Netflix UK film review: Creed II
Ivan Radford | On 30, Mar 2019Reading time: 3 mins
Director: Steve Caple Jr.
Cast: Michael B. Jordan, Sylvester Stallone, Tessa Thompson
Watch Creed II online in the UK: Netflix UK / iTunes / Prime Video (Buy/Rent) / TalkTalk TV / Rakuten TV / Google Play / Sky Store
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When Tony Lip (Viggo Mortensen), a bouncer from an Italian-American neighborhood in the Bronx, is hired to drive Dr. Don Shirley (Mahershala Ali), a world-class Black pianist, on a concert tour from Manhattan to the Deep South, they must rely on “The Green Book” to guide them to the few establishments that were then …
“If you want to change things in a big way, then you gotta make some big changes.” That’s the sound of Rocky (Sylvester Stallone) giving advice to Adonis Creed (Michael B. Jordan) in Creed II. The sequel to the unexpected, and unexpectedly good, franchise reboot, it continues the Rocky saga one generation down the line – but if Creed succeeded because it was a story of moving on and paying it forwards, Creed II loses some of that momentum and power by continuing to look backwards to the past.
It’s telling that the script (from Sylvester Stallone and Juel Taylor) doesn’t start with Creed but with Ivan Drago (Dolph Lundgren, reprising his role) and his son, Viktor (Florian Munteanu) – and, sure enough, it’s only a matter of time until the Dragos challenge WBC World Heavyweight Champion Creed to a face-off. It’s equally telling that before we see Adonis in the ring once more, we first see him off-stage talking to his girlfriend, Bianca (Tessa Thompson). Creed II is a film that ducks and weaves with its own strengths and weaknesses, making one right step, then feinting in the wrong direction.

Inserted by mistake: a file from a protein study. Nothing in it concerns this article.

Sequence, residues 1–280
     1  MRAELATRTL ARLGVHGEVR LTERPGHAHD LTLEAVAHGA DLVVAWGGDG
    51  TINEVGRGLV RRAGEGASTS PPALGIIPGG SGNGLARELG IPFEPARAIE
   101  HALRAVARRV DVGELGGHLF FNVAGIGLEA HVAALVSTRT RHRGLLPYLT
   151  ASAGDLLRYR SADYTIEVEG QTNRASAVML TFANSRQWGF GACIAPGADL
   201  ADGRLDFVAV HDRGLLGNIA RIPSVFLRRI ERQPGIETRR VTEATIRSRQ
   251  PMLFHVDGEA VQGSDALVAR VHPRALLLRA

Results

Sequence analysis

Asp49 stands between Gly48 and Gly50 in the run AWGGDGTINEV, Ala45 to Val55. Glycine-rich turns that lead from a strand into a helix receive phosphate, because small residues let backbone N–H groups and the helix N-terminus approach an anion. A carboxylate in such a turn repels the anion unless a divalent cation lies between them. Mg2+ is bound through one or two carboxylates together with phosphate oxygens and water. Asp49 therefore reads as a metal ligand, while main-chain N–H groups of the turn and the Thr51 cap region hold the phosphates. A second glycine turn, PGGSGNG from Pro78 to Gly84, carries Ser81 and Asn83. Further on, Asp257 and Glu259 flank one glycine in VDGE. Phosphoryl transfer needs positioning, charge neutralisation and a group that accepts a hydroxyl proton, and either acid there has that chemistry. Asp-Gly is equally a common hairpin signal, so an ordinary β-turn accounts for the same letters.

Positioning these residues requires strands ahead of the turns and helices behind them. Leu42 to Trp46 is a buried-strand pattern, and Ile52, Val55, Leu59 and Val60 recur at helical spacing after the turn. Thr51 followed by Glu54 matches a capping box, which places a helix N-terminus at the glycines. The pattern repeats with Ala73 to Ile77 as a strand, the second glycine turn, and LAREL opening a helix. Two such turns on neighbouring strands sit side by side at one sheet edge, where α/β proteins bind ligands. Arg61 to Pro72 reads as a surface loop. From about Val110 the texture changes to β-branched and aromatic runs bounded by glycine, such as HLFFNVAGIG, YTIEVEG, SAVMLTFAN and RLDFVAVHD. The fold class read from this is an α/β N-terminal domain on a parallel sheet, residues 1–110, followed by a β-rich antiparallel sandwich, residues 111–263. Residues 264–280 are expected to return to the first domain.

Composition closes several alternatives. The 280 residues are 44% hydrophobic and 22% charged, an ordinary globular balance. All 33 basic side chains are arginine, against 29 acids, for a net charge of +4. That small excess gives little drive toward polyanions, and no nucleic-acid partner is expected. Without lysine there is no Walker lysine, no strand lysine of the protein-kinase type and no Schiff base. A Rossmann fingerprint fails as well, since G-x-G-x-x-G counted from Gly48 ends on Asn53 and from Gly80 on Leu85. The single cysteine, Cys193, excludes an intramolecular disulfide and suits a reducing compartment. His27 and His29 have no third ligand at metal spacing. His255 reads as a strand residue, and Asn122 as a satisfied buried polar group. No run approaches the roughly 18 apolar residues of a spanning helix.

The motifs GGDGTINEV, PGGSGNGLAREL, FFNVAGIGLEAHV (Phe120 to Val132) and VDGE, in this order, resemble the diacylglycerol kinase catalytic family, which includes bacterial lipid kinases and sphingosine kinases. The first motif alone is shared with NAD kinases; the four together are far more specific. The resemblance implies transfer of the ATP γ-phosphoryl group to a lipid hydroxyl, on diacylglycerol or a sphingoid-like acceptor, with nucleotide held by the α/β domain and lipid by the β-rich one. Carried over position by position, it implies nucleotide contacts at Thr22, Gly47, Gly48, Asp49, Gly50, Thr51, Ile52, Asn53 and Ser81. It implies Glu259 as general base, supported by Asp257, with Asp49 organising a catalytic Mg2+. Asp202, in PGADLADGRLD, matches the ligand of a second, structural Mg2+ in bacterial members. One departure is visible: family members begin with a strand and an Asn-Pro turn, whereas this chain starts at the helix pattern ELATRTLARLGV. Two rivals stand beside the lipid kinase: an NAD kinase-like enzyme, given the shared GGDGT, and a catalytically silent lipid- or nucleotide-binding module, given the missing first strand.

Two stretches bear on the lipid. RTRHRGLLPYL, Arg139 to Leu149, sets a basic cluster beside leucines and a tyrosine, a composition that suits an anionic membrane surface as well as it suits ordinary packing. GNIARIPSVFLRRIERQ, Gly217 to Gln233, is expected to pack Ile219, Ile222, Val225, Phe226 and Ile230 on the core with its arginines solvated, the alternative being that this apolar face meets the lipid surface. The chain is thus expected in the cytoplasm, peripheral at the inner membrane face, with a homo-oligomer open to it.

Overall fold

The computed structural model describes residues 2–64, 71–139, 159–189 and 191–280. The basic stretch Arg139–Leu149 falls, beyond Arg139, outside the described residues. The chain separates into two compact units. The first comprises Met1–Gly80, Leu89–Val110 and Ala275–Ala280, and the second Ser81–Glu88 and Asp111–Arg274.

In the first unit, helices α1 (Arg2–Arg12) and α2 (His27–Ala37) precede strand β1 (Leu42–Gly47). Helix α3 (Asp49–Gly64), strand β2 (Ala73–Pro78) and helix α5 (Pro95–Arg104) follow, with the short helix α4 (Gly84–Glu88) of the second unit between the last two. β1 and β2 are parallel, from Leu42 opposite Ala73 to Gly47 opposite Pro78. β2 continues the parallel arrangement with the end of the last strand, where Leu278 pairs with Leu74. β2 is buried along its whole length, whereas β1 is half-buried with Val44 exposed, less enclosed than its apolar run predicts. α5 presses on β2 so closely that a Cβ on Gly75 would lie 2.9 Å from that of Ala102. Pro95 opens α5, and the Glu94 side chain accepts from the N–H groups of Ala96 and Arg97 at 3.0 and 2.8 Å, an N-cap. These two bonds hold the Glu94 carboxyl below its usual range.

The central conflict between the two sons of these father figures is a compelling enough premise, but it’s one that’s slave to the saga’s history, rather than thinking about its future: the strongest parts of Creed II aren’t on the mat at all, but in the apartment of Adonis and Bianca, or in the heart-to-heart exchanges between Bolboa and his protege. Creed packed a punch because it balanced its old and new protagonists perfectly, giving Stallone a chance to shine without letting Rocky steal the show. Sly is once again deceptively brilliant in his character’s well-worn shoes, conveying big emotions and years of regrets and hopes with the smallest of shrugs and glances. But if we get Sly the actor back at his prime, we also get Sly the writer, and this follow-up feels more like fan service than an organic continuation of the Adonis and Rocky story.
Ryan Coogler, who placed character centre-stage in Creed, may have departed from the helm, but director Steven Caple Jr. takes the delicately observed stretches of screenplay surrounding Bianca, Rocky and Adonis and ensures that the intimacy and warmth of their moments still have real impact. Jordan and Thompson, in particular, are superb together, and their relationship, from half-heard questions to silent glances, rings with convincing naturalism.
Lundgren, too, has an imposing presence as the returning Drago, and boxer Florian Munteanu as Viktor certainly knows how to throw an intimidating punch. But the real tension lies away from the boxing, from Donnie trying to learn to commit and focus on life with his gloves off, and Rocky with his own family ties. Creed II undoes some of Creed’s big changes by stepping back to safe, familiar territory, but when it has its eyes on the personal prize, this sequel still delivers a moving blow.
Creed II is available on Netflix UK, as part of an £8.99 monthly subscription.